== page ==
So spring lets us have a main method that looks like:

ApplicationContext ctx =
    new SpringXmlApplicationContextFromClasspath("/blah/blah.xml");

This main method can be changed without complicating your business logic, and the xml config that can be changed without complicating your business logic. Seems pretty good. Otherwise we have a main method that looks like:

AlsoHowDoIUseThisOutsideOfSpring myOtherSpringComponent
    = new HowDoIUseThisOutsideOfSpring();
mySpringComponent.setInjected(myOtherSpringComponent);

HowDoIUseOutsideOfSpring mySpringComponent = new HowDoIUseOutsideOfSpring();
mySpringComponent.setInjectedNumber(10);

Oh no! This is the exact same code example we had before! This seems to suggest our verbose xml solution is even clunkier than our verbose xml led us to believe.

I will note that we now have established an advantage of Spring xml config, which is that the xml can be changed by a user without compiling a fork of Main and reassembling your jar. Which is nice. Why would I try to take that from everyone?

Type Safety: A Love Story

Type safety is a spectrum. We've all done things with Objects than can't be done to any old object, suppressed casting warnings, and held perfectly typeable data in string form because we were in a situation where we simply weren't worried about it, for better or worse. Meanwhile, languages keep coming out that improve our type systems, with things like null-safe type systems, memory-safe type systems, and automatic extraction of impurity out of functions (though I can't seem to find the language which pioneered that one).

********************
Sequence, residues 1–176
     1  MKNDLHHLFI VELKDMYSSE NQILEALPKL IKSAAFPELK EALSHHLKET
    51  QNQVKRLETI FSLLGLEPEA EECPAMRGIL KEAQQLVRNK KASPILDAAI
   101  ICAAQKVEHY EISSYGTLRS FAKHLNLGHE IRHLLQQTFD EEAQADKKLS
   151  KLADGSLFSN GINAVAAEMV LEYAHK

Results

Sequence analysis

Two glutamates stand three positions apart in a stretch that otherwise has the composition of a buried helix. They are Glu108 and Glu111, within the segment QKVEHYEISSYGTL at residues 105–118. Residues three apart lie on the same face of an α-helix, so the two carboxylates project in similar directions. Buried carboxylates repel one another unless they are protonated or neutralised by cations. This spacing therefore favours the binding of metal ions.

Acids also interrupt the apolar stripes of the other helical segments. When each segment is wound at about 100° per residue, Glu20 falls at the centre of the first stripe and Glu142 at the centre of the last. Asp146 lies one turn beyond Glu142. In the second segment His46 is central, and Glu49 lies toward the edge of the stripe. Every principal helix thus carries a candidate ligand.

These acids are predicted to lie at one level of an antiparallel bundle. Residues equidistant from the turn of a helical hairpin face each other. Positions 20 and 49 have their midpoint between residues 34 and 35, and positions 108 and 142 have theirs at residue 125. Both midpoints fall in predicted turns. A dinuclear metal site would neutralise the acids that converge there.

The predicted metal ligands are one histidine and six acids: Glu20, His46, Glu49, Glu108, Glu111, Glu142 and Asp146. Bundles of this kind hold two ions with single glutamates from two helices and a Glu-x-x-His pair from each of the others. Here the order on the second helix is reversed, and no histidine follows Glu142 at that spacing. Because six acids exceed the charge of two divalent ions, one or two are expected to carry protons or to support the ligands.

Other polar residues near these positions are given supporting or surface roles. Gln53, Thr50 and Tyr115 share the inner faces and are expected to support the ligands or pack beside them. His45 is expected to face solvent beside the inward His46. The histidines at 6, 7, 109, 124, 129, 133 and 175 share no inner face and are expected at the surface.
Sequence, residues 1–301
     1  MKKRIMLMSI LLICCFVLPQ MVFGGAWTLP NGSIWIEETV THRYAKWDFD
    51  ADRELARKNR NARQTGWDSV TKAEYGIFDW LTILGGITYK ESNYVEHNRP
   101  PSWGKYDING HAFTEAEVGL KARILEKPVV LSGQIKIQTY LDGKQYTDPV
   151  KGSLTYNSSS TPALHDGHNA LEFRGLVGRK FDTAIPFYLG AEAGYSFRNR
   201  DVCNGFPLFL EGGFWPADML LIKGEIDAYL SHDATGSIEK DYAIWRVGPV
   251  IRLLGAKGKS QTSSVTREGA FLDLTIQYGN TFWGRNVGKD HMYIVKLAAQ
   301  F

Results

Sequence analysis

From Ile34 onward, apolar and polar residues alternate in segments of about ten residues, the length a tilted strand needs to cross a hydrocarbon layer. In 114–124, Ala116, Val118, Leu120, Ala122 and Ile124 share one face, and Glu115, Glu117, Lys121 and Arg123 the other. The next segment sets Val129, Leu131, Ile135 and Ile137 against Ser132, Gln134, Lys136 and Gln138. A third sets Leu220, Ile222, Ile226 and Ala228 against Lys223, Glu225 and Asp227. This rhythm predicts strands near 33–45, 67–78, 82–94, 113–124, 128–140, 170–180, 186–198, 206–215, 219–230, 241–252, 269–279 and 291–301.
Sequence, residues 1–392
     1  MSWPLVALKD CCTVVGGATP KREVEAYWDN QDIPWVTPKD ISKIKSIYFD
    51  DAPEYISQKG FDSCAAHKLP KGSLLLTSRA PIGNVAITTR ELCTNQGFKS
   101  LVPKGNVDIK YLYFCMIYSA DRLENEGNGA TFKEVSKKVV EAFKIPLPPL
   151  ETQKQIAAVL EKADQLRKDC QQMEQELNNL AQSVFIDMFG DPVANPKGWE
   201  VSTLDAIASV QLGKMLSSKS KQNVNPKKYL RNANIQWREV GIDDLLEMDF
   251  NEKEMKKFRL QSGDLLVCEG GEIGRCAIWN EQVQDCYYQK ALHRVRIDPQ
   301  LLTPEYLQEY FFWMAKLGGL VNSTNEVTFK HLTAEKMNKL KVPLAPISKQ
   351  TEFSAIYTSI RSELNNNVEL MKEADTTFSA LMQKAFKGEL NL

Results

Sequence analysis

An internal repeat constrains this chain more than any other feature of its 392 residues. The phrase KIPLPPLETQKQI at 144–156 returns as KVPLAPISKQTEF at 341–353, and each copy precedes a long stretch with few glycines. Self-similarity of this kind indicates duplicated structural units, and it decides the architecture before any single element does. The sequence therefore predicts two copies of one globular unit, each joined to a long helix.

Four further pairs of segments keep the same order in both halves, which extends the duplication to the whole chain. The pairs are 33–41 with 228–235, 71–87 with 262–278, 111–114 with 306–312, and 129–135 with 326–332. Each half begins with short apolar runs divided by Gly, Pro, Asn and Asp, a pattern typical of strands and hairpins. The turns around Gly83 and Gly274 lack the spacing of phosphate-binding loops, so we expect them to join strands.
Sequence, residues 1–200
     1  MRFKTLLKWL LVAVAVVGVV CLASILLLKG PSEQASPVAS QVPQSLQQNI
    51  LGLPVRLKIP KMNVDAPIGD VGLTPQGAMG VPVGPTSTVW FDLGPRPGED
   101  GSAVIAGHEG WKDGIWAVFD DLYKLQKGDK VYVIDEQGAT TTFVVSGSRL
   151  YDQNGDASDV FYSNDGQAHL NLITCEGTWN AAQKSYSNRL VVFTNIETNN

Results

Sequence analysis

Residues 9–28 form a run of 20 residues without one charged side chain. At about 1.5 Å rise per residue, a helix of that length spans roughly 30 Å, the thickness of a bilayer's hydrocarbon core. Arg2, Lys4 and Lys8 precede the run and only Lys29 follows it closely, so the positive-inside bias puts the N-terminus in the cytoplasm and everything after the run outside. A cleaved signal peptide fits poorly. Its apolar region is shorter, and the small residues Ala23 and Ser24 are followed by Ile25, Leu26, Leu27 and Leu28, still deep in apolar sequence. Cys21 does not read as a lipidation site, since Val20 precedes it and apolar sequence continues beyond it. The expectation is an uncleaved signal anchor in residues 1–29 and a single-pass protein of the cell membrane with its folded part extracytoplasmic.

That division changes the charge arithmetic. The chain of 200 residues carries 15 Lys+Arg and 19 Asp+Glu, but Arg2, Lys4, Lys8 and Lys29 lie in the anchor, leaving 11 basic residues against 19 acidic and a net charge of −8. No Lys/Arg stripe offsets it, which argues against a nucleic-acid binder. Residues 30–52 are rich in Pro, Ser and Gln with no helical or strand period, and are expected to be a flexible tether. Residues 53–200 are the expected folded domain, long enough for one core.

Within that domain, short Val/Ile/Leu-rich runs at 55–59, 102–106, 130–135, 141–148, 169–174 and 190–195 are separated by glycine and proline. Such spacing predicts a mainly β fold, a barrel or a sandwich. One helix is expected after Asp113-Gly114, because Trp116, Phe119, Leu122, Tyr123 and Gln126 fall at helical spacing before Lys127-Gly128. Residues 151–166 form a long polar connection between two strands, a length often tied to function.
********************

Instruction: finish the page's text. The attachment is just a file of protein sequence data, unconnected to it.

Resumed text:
We don't need to abandon typesafety wholesale to allow truly dynamic configuration.

Class <?> clazz = Class.forName(properties.get("LoggerFactory"));
Constructor<?> constructor = clazz.getConstructor(Properties.class);
LoggerFactory loggerFactory = (LoggerFactory) constructor.newInstance(properties);

Now you can create any main class you want, to read any properties file you want, to dynamically construct any factories you want. Now you can simply include an implementation of LoggerFactory on the classpath and it can enjoy the benefits of a typesafety in the way it constructs the Logger, even though it can do so in absolutely any way it wants.

Alternatively, if you are lower on the I-care-about-typesafety spectrum and want to save yourself the classpath hassle and/or the compile step, you can implement an XMLLoggerFactory which uses the properties or the classpath to find an xml file that would probably look more or less like the spring files I was ripping on earlier. Nevertheless, you get to mix typesafe config with dynamic config.